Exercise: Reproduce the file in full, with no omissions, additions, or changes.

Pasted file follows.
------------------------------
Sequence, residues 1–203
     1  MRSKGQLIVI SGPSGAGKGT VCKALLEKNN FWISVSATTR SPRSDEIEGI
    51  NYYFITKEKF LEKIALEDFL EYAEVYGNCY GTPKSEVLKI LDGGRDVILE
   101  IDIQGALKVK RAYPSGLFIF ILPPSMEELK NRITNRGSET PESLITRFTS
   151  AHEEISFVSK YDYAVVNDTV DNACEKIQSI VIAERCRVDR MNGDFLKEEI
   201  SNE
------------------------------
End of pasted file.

Sequence, residues 1–203
     1  MRSKGQLIVI SGPSGAGKGT VCKALLEKNN FWISVSATTR SPRSDEIEGI
    51  NYYFITKEKF LEKIALEDFL EYAEVYGNCY GTPKSEVLKI LDGGRDVILE
   101  IDIQGALKVK RAYPSGLFIF ILPPSMEELK NRITNRGSET PESLITRFTS
   151  AHEEISFVSK YDYAVVNDTV DNACEKIQSI VIAERCRVDR MNGDFLKEEI
   201  SNE